Last winter, following a disappointing season in which they missed the playoffs, the New York Yankees signed free agent outfielder Jacoby Ellsbury to a seven-year, $148 million contract. It was expected that the Yankees would make a big free agent splash last off-season as part of an effort to make it back to the playoffs in 2014, and Ellsbury was one of the biggest names available on the free agent market.
Nonetheless, signing Ellsbury had the feel of a move the Yankees made because they could, rather than for any strategic imperative. Ellsbury was a valuable player going into last off-season. At that time, he was 29 years old coming off of a three-year stretch where he posted an OPS+ 122, with a .356 on-base percentage while averaging 22 steals a year. However, the Yankees had another player who had posted a .346 OBP over the last three seasons while averaging 25 stolen bases a season. Much of the difference between these two speedy outfielders was due to Ellsbury's 2011 power surge when he hit 32 home runs. As that season was clearly an aberration, by last winter the two were very similar players. Speedy outfielders who get on base and steal bases are valuable, but a team like the Yankees that plays in a hitters park only can really use one player like that because the other outfield spots are better used by players who have genuine power.
Signing Ellsbury did not seem like a bad move for the Yankees, just a redundant one. It was not clear why the Yankees needed Ellsbury if they already had Brett Gardner. After Ellsbury signed with the Yankees, Gardner was reportedly briefly on the trading block, but before the season started he signed a four year $48 million extension, a contract of roughly one-third of the value of the one Ellsbury had signed a few months earlier.
While some might characterize Ellsbury's 2014 season as a disappointment, he has done more or less what might be expected of him, or at least what might be expected by the post 2011 version of him. His .340 OBP and 108 OPS+ are almost the same as his career average. Ellsbury has also been very good on the bases as he has stolen 29 bases in 34 attempts and has played solid, if unspectacular defense.
Ellsbury's season has been overshadowed by Gardner's play. Gardner has been the Yankees best player this year hitting .283/.361/.463 for a team leading 4.2 WAR. In addition to his usual great defense, base running and strong ability to get on base, Gardner has hit for more power than at any time in his career. With the season not quite 75 percent over, Gardner already has hit seven more home runs than in any of his previous seasons. Gardner, one of the few good hitters the Yankees have developed and kept in the last decade, is in the context of the generally overpaid Yankees also financial bargain. His 2014 salary is only the 10th highest on the team this year.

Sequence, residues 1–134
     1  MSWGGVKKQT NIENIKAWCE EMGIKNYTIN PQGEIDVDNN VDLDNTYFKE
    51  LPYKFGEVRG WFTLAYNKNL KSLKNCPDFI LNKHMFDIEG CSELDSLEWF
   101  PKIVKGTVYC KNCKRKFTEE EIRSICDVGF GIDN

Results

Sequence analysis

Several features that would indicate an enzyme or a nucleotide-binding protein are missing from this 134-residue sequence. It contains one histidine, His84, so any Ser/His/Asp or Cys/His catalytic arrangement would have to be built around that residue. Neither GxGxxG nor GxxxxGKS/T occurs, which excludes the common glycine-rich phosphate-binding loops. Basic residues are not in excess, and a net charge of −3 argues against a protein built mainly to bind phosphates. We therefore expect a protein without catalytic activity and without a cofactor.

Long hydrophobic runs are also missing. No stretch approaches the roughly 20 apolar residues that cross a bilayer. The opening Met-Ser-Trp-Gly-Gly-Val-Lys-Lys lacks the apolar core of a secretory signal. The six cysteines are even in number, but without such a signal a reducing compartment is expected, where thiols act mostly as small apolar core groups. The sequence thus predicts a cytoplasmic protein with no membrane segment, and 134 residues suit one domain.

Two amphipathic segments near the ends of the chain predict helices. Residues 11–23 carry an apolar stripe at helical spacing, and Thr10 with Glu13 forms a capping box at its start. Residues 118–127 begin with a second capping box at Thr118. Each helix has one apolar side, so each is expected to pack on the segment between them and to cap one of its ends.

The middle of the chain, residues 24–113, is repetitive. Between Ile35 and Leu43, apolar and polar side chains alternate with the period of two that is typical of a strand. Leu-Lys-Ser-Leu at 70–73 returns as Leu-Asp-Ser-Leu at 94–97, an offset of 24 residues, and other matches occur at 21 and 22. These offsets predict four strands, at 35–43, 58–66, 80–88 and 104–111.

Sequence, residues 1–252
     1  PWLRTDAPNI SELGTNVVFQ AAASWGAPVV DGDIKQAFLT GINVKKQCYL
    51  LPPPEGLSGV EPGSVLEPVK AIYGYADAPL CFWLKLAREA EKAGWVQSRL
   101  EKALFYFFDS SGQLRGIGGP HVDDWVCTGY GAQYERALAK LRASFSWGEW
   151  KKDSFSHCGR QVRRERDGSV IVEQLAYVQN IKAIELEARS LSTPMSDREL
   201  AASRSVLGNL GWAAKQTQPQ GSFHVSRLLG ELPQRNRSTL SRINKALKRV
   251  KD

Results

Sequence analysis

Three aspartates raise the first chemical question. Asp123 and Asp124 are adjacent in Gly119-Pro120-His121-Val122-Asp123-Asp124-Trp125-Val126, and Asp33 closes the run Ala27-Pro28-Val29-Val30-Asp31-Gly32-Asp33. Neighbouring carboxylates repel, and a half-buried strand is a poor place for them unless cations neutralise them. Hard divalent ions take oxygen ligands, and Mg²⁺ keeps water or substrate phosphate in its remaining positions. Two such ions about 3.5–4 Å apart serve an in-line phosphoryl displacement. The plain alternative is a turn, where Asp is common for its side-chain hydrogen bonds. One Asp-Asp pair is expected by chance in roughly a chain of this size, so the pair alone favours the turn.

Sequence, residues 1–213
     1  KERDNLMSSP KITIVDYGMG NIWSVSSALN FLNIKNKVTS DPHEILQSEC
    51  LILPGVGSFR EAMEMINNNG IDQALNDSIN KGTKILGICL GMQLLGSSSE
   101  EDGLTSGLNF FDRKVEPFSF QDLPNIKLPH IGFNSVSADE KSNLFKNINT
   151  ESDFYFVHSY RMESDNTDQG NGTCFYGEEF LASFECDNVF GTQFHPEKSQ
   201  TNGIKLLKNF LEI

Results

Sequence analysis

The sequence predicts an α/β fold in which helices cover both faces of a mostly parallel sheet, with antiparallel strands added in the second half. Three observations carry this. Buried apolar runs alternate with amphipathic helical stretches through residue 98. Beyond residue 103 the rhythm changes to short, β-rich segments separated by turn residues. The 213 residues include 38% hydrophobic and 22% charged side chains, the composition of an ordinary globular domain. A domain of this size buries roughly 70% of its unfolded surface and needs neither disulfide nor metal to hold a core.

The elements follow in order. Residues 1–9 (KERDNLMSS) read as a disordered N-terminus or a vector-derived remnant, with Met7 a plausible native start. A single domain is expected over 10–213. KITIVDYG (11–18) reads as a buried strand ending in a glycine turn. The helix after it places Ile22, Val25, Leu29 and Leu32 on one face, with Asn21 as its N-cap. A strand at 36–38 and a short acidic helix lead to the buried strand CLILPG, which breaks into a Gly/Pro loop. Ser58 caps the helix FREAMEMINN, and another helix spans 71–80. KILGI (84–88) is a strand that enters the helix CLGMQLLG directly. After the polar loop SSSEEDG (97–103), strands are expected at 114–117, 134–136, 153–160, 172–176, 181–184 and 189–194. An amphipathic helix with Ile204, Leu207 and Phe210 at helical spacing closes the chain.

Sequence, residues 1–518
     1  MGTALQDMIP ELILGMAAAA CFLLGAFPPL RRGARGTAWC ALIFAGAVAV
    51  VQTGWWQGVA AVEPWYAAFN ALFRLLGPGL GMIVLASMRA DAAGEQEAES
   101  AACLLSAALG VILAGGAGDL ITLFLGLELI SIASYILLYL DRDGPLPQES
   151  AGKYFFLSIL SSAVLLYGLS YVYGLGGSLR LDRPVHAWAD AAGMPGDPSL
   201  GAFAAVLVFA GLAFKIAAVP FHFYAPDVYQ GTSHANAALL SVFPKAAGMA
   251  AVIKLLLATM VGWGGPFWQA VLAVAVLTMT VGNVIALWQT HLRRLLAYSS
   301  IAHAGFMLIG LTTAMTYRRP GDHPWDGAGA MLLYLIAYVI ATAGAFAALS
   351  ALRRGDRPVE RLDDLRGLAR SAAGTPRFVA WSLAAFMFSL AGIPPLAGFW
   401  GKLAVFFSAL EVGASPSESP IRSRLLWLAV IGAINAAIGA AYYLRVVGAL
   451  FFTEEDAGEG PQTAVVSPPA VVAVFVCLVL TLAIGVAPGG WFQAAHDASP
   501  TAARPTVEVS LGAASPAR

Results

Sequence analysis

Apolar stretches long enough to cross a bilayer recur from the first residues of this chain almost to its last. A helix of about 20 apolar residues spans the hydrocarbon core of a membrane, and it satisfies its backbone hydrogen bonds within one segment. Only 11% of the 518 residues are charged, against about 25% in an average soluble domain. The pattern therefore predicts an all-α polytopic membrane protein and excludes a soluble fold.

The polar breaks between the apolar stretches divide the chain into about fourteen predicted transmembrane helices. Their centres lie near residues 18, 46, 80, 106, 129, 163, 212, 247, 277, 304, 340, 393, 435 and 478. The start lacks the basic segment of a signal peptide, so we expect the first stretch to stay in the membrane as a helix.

Gardner's progression and the realization that 2011 truly was an aberration for Ellsbury means that the Yankees are stuck with two very similar players, and that the cheaper one is probably slightly better. This creates something of a quandary for the team as keeping two leadoff type hitters in their outfield is probably not a great strategy given the lack of power the team is getting from several other positions.
Ellsbury's contract, like that of many of his teammates, makes him very difficult to trade. Not too many teams would be very interested in a good 30-year-old leadoff hitter with six years and more than $120 million left on his contract, as that is what Ellsbury will be after this season. Gardner, on the other hand, has tremendous trade value. He is the best player on the team, and one of the most valuable outfielders in the AL. Gardner's contract is also very team friendly and, given the payroll flexibility the Yankees enjoy, keeping Ellsbury instead of the more cost effective Gardner is not a problem for them.
During an off-season when the Yankees seemed to be signing a veteran free agent every week, Garnder's contract extension was almost an afterthought, but it was probably the best signing of last off-season, with the exception of Masahiro Tanaka who, when healthy, is one of the game's best pitchers. Despite having some good seasons in recent years, the Yankees have rarely had anybody with significant trade value. Many of their best players were either old or locked in to very player friendly contracts. The exception to this was Robinson Cano in 2012 and 2013, but the Yankees decided to try, albeit not very hard, to resign him rather than turn him into prospects. After this season, Gardner will present the Yankees another opportunity to partially restock a depleted farm system. However, if recent Yankee history is any guide, they will probably sign a few more aging free agents and criticize Gardner for not hustling or some similar nonsense.